If you buy only a pound or two of worms, you will have to pace the addition of new waste to the worms’ ability to consume it. Don’t overwhelm them. After three to six months, their population will have grown enough to keep pace with your ability to deliver food to them. The daily routine then becomes the following: a) empty drain pan; 2) add waste; 3) cover waste with bedding; 4) rinse waste container into bin. If your waste is fresh garden waste, it will have enough moisture to sustain the worms, and the excess will drain out. After you stop adding new waste, the drainage will slow dramatically. If the castings still have worms in them and they are drying down, you may moisten them with water or drainage from a more active bin. Worm castings hold water very well, so go easy on the liquid lest you exclude air and kill worms. If the compost is finished and the gateway is open to another bin, you don’t really need to worry about it being too dry, because the worms will simply migrate to the moister bin.
After the first bin is full, you may begin to add waste to the second bin after following the same procedure outlined under “Starting Up: The First Bin.” Leave the gate closed until the worms have finished eating all the waste in the first bin and the castings look like soft, black peat or rich soil. If the second bin fills before the first bin reaches this stage, you need more capacity (build more bins) or more worms or both. When conditions are as described above, you may open the gate. In two to six months after the gate is opened, the first bin will be ready for harvest of worm-free compost. Number your bins and keep a logbook of when each stage is reached, e.g., “bin started,” “bin full,” “compost finished,” “gate opened,” et cetera. If you built a really big base and put many bins together in a straight line, each connected to the other (except for first and last), you would have an expandable, scalable, continuous-process composting operation.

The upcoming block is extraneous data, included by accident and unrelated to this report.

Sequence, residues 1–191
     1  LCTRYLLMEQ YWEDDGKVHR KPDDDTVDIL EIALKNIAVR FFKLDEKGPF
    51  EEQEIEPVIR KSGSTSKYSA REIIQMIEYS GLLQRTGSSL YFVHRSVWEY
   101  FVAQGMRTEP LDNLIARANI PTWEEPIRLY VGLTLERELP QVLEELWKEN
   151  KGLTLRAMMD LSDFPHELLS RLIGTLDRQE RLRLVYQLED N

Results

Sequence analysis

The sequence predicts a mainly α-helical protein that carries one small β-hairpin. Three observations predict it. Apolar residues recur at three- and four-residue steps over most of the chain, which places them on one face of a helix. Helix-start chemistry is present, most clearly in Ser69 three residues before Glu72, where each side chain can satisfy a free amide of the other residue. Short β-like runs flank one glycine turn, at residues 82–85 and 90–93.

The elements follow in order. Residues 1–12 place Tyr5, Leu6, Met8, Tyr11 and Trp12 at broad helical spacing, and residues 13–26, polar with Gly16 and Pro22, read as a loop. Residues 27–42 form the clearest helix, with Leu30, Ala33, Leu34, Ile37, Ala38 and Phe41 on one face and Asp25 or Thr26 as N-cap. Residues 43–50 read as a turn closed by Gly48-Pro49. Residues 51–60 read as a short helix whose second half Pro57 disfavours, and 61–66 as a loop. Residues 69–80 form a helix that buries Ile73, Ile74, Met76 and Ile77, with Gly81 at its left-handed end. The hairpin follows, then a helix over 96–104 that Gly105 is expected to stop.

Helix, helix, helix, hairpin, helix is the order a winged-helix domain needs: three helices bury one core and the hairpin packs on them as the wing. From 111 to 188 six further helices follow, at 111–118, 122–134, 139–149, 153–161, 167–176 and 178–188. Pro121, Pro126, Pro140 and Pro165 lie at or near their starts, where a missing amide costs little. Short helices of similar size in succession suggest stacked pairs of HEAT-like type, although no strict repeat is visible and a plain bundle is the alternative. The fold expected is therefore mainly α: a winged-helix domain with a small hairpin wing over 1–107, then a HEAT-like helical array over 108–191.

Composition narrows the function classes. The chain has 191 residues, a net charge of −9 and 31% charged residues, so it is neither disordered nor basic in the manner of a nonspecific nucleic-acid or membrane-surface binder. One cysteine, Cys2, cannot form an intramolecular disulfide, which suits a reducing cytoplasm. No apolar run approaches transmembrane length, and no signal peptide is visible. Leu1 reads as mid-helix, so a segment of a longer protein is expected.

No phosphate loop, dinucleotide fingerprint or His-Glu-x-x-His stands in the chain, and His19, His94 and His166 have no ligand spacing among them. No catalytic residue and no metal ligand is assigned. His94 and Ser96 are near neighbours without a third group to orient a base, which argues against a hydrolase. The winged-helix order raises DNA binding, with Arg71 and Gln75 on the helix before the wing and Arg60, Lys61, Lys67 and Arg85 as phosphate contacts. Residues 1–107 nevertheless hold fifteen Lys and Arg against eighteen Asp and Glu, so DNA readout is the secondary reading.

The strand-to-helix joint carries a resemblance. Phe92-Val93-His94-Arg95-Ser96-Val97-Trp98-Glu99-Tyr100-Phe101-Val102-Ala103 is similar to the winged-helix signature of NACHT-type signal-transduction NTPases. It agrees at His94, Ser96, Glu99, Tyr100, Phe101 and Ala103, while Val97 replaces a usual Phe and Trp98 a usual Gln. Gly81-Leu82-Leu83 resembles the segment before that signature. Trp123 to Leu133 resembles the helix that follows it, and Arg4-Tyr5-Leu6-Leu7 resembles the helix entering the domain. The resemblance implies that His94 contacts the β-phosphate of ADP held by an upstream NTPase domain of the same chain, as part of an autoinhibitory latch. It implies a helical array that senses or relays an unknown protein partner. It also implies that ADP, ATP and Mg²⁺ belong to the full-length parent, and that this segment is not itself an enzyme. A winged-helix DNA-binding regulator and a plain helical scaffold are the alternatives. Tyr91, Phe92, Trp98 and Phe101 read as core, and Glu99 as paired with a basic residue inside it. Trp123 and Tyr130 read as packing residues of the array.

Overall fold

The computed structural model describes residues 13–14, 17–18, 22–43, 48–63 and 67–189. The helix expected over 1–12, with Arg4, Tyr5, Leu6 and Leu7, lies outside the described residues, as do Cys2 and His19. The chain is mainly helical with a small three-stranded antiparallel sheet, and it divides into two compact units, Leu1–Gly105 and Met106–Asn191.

|2||50-gallon Rubbermaid Roughtote storage containers||$30|
|4||10 foot lengths of 3/4 inch PVC pipes||$10|
|1||4-inch plastic blastgate and piece of rope*||$10|
|1||scrap of building foam for insulation||$0|
|1||sheet of 1/2 inch plywood exterior||$15|
|3||bags of sand to fill base||$6|
|1||3- by 6-foot piece of landscape cloth to line bin bottoms||$2|
|1||3- by 6-foot piece of landscape cloth for covers (optional)||$2|
|4 oz.||galvanized 6d nails||$2|
- Hand or electric saw to cut plywood
- Fine-tooth saw to cut PVC pipe
- 7/8-inch Forstner bit to cut hole for 3/4-inch PVC pipe*
- Electric drill
- 1/4-inch bit for drain holes
- Tool to cut holes for 4-inch blast gate.*
* I have an adjustable bit designed to cut plastic and soft metal. You could use a hole saw or mark with a compass and cut with a saber saw, or drill holes on the line and then cut between the holes with a sharp razor. Go slowly and make the hole smaller than needed. Finish off to size with a Dreml tool, file or sandpaper.
Gateway for homemade worm bins (they call them 4-inch plastic blast gates- DF1106, $7.00) and Forstner bits (YB7TX, $10 on sale)
Fedco Seeds/Organic Growers Supply
Coir bedding, minerals, drain trays
Home Depot–Plastic bins and landscape cloth
Local lumberyard –Foam, PVC water pipe and plywood
Econet (www.worm-a-roo.com) or Vermico (www.vermico.com)–worms to start. Expect to pay about $20 to $30 per pound for worms. Local product saves shipping and stress on the worms.
About the author: Adam Tomash was part of the early ‘70s hippie immigration to Maine and has been a gardener since 1967. He gardens and does Macintosh computer consulting from his home in West Gardiner. His six worm bins produce almost a ton of castings a year.
This article is provided by the Maine Organic Farmers and Gardeners Association (MOFGA), PO Box 170, Unity, ME 04988; 207-568-4142; [email protected]; www.mofga.org. Joining MOFGA helps support and promote organic farming and gardening in Maine and helps Maine consumers enjoy more healthful, Maine-grown food. Copyright 2007 by the Maine Organic Farmers and Gardeners Association.